I believe that shopper insights are part of the continuum that savvy marketers focus on. While consumer insights as per Joel’s definition delve into attitudes and opinions, shopper insights are the next step as the shoppers act (or don’t) upon those attitudes and opinions in the store. In my mind they are both about understanding the consumer who is the shopper. Effective marketing practices take the understanding from consumer insights and explore the relevancy and additional perspectives provided at the store level. My work in shopper insights, using eye tracking and in depth interviewing in the store, has demonstrated that the hierarchy of information and emotional connections which influence sales can take twists and turns in the store. Marketers must be aware of the behavior in the store to anticipate the intersection of thoughts, feelings, labeling, packaging, displays, signage and pricing. One important advantage of shopper insights is that it provides the knowledge to develop tactical strategies that can make all the difference in generating more revenue and creating loyal customers. Another benefit of shopper… Read more »
Marc Gordon
Guest
Marc Gordon
11 years 9 months ago

That’s a pretty impressive list. But in the end I have to wonder if retailers and agencies have really figured out that beyond all the studies, if people are having a good time and are getting great service, they will stay longer, buy more, and revisit more frequently. Does it really take a lot of shopper research to figure that out?

Judging by the service I get at most retailers, I would say maybe it’s time to put down to books and start taking some positive action.

Carol Spieckerman
Guest
11 years 9 months ago

I’ll add that shopper marketing has begun to take into consideration an ever-expanding list of out-of-store connection points that influence in-store shopper behavior. The “missions” and “occasions” that now are the focal point for shopper activities in-store are often stoked by influencer recommendations, website research, promotions, ratings and reviews, and going forward, information received on mobile devices. To me, this is the new frontier of shopper marketing and the reason why most retailer websites are now information hubs, not just sales channels.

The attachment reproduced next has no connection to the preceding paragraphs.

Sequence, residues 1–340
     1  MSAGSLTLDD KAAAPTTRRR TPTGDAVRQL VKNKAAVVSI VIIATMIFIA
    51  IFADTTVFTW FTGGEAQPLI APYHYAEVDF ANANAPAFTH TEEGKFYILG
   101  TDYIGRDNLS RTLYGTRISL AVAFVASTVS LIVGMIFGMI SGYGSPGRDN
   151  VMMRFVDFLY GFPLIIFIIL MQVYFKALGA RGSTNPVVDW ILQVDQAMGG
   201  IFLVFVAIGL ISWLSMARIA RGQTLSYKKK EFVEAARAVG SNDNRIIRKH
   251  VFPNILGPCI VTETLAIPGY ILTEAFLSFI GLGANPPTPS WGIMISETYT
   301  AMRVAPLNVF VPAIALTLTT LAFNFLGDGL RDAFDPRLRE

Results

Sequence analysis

Anne Howe
Guest
11 years 9 months ago

In our practice of Shopper Marketing, we find it critical to match the deployment of all marketing activities to the actions shoppers are taking along the entire path to purchase (we call it The Shoppers Journe(SM)). Even more critical is to understand not only actions, but emotions along the various stages, and match the messaging to the emotions. Only then do you have an opportunity to change behavior. Just being there along the road doesn’t mean you get noticed or get any engagement with your intended target.

Dave Wendland
Guest
11 years 9 months ago

An addition to the top 10 list would be differentiation between shoppers, end-users and influencers. It is well documented that many decisions are made in the store but to truly identify opportunity at retail, factors that affect that decision need to be considered. It’s also important to note that for different categories/products it is imperative that different approaches and shopper insights be considered.

Alison Chaltas
Guest
Alison Chaltas
11 years 9 months ago

Shopper insights are certainly the rage and so many other panelists have already articulated why. Our industry now gets it that we must understand shoppers and their unique relationship at the point of purchase. So many diverse methodologies can be used to address different business opportunities in store.

It is important to put in-store learning in a broader business context. Understanding the shopper should not come in a vacuum or at the expense of other learning. Conducting shopper research is the easy part. Integrating the learning with consumer, competitive, operational and P&L dynamics into actionable in-store solutions is the holy grail.

Ben Sprecher
Guest
Ben Sprecher
11 years 9 months ago
Put any 3 marketers in a room and you’ll get four definitions for “shopper marketing.” GMA and Deloitte did a very interesting paper on Shopper Marketing (that can be found here), where they defined Shopper Marketing as “…the employment of any marketing stimuli, developed based on a deep understanding of shopper behavior, designed to build brand equity, engage the shopper (i.e., an individual in “shopping mode”), and lead him/her to make a purchase.” Whatever your definition of Shopper Marketing, though, it does offer a unique opportunity to the marketer–specifically, the opportunity to test different tactics empirically. Too often, marketers are forced to rely on focus groups and surveys, which suffer from the fact that people are not particularly good at predicting how they will actually behave when faced with a decision. A far better way to determine shoppers’ likely behavior is to actually test it in the store, and to measure the associated sales impact through loyalty POS data. Want to know which call to action on a coupon triggers more response? Test several and… Read more »
Phil Rubin
Guest
11 years 9 months ago

Great top ten list and here’s another (obvious) thing to consider: most marketing dollars, especially those focused on advertising, are essentially spent on everything but shoppers, i.e., acquisition and driving store traffic.